At the end of June Sun International’s borrowings were at R15.1 billion with R11.4bn attributed to the South African balance sheet.
The group said that the increase in debt of R600 million in the first six months since the year started was primarily attributable to the capital investment at Time Square.
The group has stakes in casino gaming in Chile, and it developed the Ocean Sun Casino in Panama and the Sun Nao casino in Colombia to bulk-up international operations.
These developments have come at a huge cost for the company.
“All of the above investments and acquisitions were funded with debt resulting in a significant increase in the group’s gearing levels,” the group said as it released its results yesterday.
“The group’s balance sheet remains resilient and the operations continue to generate strong cash flows.
"Following negotiations with the group’s lenders during the review period, the debt covenant levels were adjusted and the group continues to trade within these levels,” the group said.
Its chief executive, Anthony Leeming, agreed that the debt would receive the company's attention as they want to keep it under control.
“We want to strengthen the balance sheet and deal with the debt as we focus on the year ahead,” Lemming said.
Even though the group wants to have a tight control in its finances, it has not lost appetite for new acquisitions.
In Peru Sun Dreams is finalising an acquisition of Thunderbird Resorts for $27million (R365.73m) comprising of four gambling operations. The group said the acquisition presented an opportunity for Sun Dreams to strengthen its position in the Peru market and diversify its asset base in Latam.
In the results for the six months to end June, group revenue increased by 19% to R7.6bn, up from R6.4bn, with the growth attributable to the inclusion of Sun Dreams and Sun Slots in June last year and Time Square in April this year.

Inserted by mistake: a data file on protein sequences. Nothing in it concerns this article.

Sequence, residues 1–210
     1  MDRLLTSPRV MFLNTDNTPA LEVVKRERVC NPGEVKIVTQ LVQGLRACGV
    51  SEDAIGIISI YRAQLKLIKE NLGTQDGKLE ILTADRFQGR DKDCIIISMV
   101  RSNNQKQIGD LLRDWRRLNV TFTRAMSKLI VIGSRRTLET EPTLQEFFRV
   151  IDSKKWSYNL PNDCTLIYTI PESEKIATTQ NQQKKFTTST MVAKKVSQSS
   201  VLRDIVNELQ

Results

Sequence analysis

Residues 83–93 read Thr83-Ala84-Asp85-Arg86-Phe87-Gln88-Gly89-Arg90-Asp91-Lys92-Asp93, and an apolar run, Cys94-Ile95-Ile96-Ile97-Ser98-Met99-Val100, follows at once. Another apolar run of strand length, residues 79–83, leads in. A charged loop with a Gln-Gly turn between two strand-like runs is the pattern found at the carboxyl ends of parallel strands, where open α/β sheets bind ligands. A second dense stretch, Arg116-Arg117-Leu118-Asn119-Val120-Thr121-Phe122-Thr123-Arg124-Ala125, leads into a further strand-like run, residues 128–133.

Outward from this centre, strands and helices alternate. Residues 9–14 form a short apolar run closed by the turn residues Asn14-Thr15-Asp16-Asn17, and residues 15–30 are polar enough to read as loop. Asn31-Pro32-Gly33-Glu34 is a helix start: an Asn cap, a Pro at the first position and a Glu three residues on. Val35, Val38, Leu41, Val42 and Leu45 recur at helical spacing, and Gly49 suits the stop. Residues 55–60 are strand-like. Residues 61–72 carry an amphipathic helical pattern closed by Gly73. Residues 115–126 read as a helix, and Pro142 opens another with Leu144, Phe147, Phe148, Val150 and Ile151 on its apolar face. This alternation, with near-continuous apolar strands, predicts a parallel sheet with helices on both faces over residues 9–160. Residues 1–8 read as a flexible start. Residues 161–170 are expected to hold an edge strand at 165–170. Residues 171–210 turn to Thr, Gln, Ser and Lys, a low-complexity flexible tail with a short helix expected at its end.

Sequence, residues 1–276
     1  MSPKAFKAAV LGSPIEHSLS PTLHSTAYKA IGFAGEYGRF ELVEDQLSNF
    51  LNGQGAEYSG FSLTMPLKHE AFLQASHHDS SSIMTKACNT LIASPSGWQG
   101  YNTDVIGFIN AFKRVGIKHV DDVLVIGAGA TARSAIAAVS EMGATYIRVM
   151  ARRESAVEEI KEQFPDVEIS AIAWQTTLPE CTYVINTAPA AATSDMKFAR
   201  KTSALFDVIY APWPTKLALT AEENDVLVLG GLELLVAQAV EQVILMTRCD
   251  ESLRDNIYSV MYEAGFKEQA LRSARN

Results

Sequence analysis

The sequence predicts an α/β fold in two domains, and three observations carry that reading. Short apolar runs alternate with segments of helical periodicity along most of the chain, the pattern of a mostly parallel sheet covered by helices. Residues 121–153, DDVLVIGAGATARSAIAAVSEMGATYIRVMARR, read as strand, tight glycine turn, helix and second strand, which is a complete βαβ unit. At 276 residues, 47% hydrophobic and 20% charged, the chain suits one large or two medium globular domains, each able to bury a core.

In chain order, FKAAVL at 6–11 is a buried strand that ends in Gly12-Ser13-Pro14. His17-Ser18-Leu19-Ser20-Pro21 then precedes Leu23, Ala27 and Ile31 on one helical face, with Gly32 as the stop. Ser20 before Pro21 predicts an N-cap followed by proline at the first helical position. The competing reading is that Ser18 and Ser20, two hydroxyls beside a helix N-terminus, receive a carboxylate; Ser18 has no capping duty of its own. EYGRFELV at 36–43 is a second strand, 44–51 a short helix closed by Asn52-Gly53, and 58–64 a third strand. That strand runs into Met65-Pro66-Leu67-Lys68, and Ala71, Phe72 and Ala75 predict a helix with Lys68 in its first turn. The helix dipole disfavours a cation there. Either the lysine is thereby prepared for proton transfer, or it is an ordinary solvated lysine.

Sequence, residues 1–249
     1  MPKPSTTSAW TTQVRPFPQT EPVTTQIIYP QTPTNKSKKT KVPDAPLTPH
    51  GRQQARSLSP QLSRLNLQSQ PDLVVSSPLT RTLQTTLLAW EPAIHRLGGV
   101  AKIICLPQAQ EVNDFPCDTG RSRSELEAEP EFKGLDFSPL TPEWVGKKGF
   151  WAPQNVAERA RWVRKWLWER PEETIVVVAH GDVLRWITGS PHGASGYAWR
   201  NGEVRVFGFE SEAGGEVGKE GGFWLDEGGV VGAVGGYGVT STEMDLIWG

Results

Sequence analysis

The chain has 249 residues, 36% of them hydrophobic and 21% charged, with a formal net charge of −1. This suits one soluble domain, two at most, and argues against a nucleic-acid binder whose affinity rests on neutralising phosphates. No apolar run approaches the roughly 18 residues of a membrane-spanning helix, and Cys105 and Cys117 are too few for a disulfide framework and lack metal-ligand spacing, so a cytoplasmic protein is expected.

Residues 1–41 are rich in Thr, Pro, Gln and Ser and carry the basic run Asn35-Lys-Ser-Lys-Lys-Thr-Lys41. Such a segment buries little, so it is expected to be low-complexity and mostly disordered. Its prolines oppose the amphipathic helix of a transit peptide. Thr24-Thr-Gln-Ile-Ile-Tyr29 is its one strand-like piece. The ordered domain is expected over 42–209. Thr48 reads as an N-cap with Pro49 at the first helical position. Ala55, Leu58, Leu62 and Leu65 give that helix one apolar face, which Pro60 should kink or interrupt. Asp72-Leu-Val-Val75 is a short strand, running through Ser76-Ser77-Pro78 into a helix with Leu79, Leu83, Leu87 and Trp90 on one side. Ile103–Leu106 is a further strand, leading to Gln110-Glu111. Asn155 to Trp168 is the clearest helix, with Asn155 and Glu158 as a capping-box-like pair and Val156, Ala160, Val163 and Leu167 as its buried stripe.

However, revenue generated by the South African operations, excluding alternative gaming, international business, Time Square and Morula, declined by 1.9% with consumers affected by a slowdown in the economy.
The group said Sibaya, Sun City, Sun Slots and Table Bay produced encouraging results with solid growth in revenue and earnings before interest, tax, depreciation and amortisation (Ebitda).
Group Ebitda increased by 15% to R1.9bn, while Ebitda generated by the South African operations declined by 9%
The group had some positives in the period with some of its South Africa operations performing well.
Sun City revenue was up 6% and Ebitda increased by 25%, while Sibaya reported 6% growth in revenue and Ebitda up 8%.
The Nigerian environment has continued to deteriorate and as a result revenue decreased by 28% with an Ebitda loss of R1m.
In Chile trading has improved at most of the properties other than Iquique and Monticello.
Iquique has been affected by strike action in the mining industry, while Monticello continues to be impacted due to the relocation of the toll road.
The Panama and Colombia operations continue to struggle and plans are in place to downscale these properties.
The group did not declare a dividend for the period as it wants to reduce its debt levels.
Sun International shares rose 1.78% to close at R52.15 on the JSE yesterday.